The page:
Is this what movies are now? It’s a question we might think about a lot lately. Are movies really becoming corporate advertisements for brands wherein the lead character risks everything in their life and is one of the lucky few who really makes it. This extension of the American Dream or American Exceptionalism is one kind of thing movies are now and it is not going away. The reason it is staying is fairly obvious to even an impartial observer: these brands come with built-in audiences in the millions. They are risk-averse filmmaking in one way and smart brand management in another way. There is an assurance that the most wildly popular shoe brand in the world, within which an entire subculture exists, is ready to have the merits of their brand identity extolled in a flashy way that proves to the world and themselves that what they care about is deeply important. A cynical reading can quickly write off any number of these projects. If we entertain the idea of some remnant of joy existing in this kind of extreme capitalism, though, we might just have a little bit of fun.
Air is a little bit of fun. It’s a corporate movie, yeah. Find one movie that succeeds at the box office that isn’t anymore. It’s the first line of product for Artists Equity, Ben Affleck and Matt Damon’s new production company, which offers profit-sharing as a new model for rewarding directors in a system increasingly broken by a long outdated model failing artists in a new market. Ben Affleck also directs their first feature. Fittingly, it is a film about a sea change in commercial products wherein Nike’s massively popular Air Jordan shoe line changed the game for athletes the world over, offering profit sharing over the sales of basketball sneakers, wherein the athlete did not simply wear the brand, but were the brand unto itself.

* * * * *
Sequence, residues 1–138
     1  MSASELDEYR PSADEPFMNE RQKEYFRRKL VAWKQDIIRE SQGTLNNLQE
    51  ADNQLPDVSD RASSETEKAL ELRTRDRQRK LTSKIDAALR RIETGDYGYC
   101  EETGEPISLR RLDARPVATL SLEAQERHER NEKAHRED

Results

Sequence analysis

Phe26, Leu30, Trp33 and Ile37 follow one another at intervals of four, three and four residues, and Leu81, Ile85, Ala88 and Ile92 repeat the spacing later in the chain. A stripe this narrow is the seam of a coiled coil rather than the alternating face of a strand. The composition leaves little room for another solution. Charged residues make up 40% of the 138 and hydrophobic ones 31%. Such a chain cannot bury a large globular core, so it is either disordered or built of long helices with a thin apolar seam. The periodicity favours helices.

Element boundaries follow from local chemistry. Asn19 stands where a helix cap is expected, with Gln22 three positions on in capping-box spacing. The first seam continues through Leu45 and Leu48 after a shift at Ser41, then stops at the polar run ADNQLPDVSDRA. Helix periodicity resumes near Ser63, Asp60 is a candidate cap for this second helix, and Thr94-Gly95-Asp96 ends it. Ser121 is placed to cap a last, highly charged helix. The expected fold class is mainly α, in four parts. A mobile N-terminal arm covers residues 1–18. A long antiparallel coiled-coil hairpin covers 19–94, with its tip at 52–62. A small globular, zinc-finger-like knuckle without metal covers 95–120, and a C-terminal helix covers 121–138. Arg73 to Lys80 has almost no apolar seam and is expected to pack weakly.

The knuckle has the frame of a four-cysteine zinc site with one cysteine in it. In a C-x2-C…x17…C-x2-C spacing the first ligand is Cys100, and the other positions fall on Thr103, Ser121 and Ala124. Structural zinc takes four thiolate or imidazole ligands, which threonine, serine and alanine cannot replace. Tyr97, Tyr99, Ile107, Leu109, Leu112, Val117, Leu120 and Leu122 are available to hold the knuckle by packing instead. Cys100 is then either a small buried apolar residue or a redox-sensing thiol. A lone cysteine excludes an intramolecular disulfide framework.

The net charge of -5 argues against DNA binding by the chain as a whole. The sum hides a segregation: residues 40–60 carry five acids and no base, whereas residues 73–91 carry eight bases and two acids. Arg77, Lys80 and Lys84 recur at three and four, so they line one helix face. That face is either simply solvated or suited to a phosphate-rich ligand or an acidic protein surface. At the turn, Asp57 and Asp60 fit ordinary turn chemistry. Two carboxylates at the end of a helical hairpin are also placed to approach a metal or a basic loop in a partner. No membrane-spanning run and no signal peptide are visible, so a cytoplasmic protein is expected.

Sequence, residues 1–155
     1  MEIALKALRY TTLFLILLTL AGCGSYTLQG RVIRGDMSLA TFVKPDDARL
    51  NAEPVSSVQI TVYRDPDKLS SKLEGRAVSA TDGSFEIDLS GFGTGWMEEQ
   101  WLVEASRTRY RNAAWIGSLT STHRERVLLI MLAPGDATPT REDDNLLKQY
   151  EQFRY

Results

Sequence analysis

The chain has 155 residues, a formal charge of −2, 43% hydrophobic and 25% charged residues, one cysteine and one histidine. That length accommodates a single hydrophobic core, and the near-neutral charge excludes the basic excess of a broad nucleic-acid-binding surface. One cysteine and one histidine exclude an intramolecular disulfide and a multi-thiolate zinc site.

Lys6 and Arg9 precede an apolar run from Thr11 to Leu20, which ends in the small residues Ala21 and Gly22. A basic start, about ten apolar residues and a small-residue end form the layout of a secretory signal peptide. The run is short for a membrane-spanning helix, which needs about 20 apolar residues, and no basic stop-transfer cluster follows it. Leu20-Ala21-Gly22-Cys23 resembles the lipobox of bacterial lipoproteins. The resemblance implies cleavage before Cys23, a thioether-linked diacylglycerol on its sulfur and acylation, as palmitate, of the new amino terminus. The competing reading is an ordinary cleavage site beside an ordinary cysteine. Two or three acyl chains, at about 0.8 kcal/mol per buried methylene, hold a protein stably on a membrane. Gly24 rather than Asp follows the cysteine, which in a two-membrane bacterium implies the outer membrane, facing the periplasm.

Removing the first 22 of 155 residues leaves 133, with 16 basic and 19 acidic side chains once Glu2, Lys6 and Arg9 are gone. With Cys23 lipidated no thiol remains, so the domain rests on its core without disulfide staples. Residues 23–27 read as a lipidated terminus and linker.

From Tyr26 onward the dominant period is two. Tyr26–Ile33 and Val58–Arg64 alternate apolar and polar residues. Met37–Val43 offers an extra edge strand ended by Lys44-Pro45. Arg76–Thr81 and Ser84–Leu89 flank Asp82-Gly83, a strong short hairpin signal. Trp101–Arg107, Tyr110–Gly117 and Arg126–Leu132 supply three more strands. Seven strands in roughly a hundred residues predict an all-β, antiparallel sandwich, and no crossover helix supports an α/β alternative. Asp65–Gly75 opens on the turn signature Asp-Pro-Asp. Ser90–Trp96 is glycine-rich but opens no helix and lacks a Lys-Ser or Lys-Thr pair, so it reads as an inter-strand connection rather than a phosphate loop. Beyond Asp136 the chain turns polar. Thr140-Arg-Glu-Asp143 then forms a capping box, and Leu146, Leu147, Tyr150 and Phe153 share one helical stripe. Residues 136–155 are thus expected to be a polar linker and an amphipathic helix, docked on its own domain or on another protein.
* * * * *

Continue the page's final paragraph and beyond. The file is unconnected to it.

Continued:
A film about synergy, this is also a small victory for the new studio’s synergy itself. Matt Damon stars as Sonny Vaccaro, a basketball expert brought in at Nike to recruit mid-level draft picks to wear their shoes. While Nike became the world’s best-selling running shoes, they were steadily losing the basketball market to Adidas and Converse. Sonny hatched a brilliant plan. They’d put all their eggs in the Michael Jordan basket and it would be their only basket. The film is about courting the Jordan family and trying to prove that this at-the-time outside company nestled in Beaverton, Oregon, deserved to be worn by the emerging generational athlete.